Last month I was honoured to be in the audience as the Northern Irish poet Michael Longley received the 2017 PEN Pinter Prize, and to hear his address, ‘Songs for Dead Children: Poetry in Violent Times.’ The entire event, including Longley’s speech, is available to listen to online.
The speech is a generous and lyrical discussion of how poets and artists can respond, with the appropriate outrage and humanity, to violent acts. Longley makes a eloquent point about the importance of literature to the ideas of free speech and democracy: Continue reading “Michael Longley on Poetry and Propaganda”
The Sun is outraged that army killings in Northern Ireland will be reinvestigated. Soldiers who killed during the ‘Troubles’ will be considered as manslaughter suspects in a new inquiry, report Tom Newton-Dunn and Matt Wilkinson.
The report contrasts the “brave” servicemen with the IRA terrorists who were killed, or in some cases, received a pardon. The newspaper says this is a “witch hunt”.
This re-tread over old ground is down to the trust, or lack of it, that the the people have in the Government. We now know that the police and security services colluded in UVF the murder of Catholics in Ireland as late as 1994. Such actions were in themselves a hideous human rights abuse and a betrayal of a Government’s core duty to protect its citizens. But it also eroded the trust that any Government needs to operate effectively in matters of security. Continue reading “Public Inquries Are Not An 'Outrage', They Are A Democratic Tool That Make Us Safer”
The Scottish Law Commission’s consultation on the law of defamation closes this week. If you want take a stand for free speech in Scotland, then an easy but important thing you can do is co-sign the Libel Reform Campaign’s letter to Lord Pentland, the chair of the commission.
Last month I spoke to the Bookseller about defamation reform, after the incoming president of the Publishers’ Association, Simon Barr, said that it was important that it was important to close the “loophole” caused by the different defamation regimes in England & Wales, Scotland, and Northern Ireland. Long-time readers of this blog will recall that while the Westminster parliament has legislated, the parliaments at Holyrood and Stormont have not yet done so.
There are many reasons to reform defamation, but to my mind the one that should motivate publishers in particular is this:
Another consequence is the possibility legal costs will dent budgets for breaking new authors. “If publishers are spending money on libel, they’re not spending on new stuff,” Sharp said. And the books that get binned, it won’t be the mainstream commercial titles, it’s going to be the experimental stuff – the first time authors, the challenging and the quirky things that are a bit of a risk.”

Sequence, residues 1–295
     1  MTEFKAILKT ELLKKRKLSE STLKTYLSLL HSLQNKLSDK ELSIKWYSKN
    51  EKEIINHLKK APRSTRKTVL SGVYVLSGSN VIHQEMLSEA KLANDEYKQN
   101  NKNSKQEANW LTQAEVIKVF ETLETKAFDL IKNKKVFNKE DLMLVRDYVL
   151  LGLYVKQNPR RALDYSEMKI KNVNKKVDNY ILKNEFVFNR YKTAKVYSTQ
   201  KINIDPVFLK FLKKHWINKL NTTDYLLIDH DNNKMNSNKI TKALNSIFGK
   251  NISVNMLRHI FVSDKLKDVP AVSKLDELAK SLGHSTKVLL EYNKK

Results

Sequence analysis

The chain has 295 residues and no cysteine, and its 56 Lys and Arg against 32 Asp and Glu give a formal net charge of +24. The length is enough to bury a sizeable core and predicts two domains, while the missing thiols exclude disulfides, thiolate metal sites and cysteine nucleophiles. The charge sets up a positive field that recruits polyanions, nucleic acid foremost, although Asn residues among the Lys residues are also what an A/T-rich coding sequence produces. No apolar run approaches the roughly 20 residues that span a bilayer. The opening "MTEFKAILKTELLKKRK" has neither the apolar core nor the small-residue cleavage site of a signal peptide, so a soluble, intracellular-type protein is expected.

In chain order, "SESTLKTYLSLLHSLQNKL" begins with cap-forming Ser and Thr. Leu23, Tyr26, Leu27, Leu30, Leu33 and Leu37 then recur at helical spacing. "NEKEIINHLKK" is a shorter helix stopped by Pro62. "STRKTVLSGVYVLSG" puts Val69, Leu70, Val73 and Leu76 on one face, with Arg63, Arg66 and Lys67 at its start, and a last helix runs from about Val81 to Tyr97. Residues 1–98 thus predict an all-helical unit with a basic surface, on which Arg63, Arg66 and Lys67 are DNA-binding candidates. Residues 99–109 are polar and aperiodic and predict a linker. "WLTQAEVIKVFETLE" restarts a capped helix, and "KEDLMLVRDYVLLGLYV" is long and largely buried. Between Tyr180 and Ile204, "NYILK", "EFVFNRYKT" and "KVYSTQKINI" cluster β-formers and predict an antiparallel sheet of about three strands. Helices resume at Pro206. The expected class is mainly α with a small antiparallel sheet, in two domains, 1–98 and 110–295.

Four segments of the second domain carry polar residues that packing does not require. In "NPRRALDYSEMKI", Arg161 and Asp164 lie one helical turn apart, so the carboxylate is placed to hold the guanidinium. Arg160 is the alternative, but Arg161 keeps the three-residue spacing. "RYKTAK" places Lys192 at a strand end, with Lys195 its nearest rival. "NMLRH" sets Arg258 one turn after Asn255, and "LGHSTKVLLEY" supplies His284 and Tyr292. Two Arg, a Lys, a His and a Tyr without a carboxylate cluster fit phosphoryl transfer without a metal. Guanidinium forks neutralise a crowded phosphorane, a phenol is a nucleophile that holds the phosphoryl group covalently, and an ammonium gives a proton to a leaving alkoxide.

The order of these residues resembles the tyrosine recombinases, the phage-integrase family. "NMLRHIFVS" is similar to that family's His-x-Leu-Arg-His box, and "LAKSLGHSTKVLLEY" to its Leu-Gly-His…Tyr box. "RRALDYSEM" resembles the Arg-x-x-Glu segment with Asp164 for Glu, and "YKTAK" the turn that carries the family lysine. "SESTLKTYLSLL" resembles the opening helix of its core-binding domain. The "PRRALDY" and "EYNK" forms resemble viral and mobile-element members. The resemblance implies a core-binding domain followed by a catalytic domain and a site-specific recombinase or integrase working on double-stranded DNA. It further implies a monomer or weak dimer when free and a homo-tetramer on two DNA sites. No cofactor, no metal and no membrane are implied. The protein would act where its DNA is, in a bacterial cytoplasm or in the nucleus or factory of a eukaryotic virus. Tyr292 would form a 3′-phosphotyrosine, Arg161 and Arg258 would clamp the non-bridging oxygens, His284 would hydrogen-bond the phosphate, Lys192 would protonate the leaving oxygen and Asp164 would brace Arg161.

You can read Katherine Cowdrey’s full report on the Bookseller website.
Last week, U.S. Presidential candidate Donald Trump provoked outrage when he said that women should be punished for having an abortion. Unusually for the self-styled maverick, he walked back the comments in subsequent interviews, saying that, actually, the woman is the victim in such cases. The idea that a woman who seeks an abortion should be criminalised (instead of or in addition to the person performing the procedure) is far outside mainstream political opinion, even in a country where religious fundamentalists have high levels of politically engagement.
Meanwhile in the United Kingdom, a woman has been given a criminal record and a three-month suspended sentence for aborting her baby in Northern Ireland. Continue reading “Legalising abortion in Northern Ireland is vote-neutral for the Westminster parties”
Remember the controversy about the ‘gay cake’? Last year, a bakery in Belfast refused to make a cake with a pro-gay marriage slogan. A court ruled that the bakers had discriminated against a customer on the basis of his sexual orientation, contrary to equality legislation. The customer, Gareth Lee, was awared £500 in compensation.
The case will be considered in the Appeal Court this week. Ahead of the hearing, the veteran gay-rights campaigner Peter Tatchell has published a surprising article defending the bakery. There’s a version on the Guardian comment pages, and a longer version sent to Peter’s mailing list.
I recommend reading the entire article, but the crux of Tatchell’s argument is this:
It is discrimination against an idea, not against a person.
The bakery refused to support and propagate the idea of same-sex marriage. Lee was not refused service because he was gay, but because of the message on the cake.
This is a subtle point but also a persuasive one. The implications loom large. Tatchell asks:
Should a Muslim printer be obliged to publish cartoons of Mohammed or a Jewish one the words of a Holocaust denier? Will gay bakers have to accept orders for cakes with homophobic slurs? … If the current Ashers verdict stands it could, for example, encourage far right extremists to demand that bakeries and other service providers facilitate the promotion of anti-immigrant and anti-Muslim opinions. It would leave businesses unable to refuse to decorate cakes, print posters and emblazon mugs with bigoted messages.
Freedom of expression and freedom of conscience surely means the freedom not to engage in the commerce of distributing ideas that you oppose.
I’d previously written off the Asher’s case as exactly analagous to the case of the Bed & Breakfast owners who refused service to a gay couple—This blog has previously discussed the issues raised by such cases. However, Peter Tatchell’s article has persuaded me otherwise.
The Medium of Icing
Who would have thought that patrsies are political! Almost 10 years ago, this blog also discussed the Medium of Icing.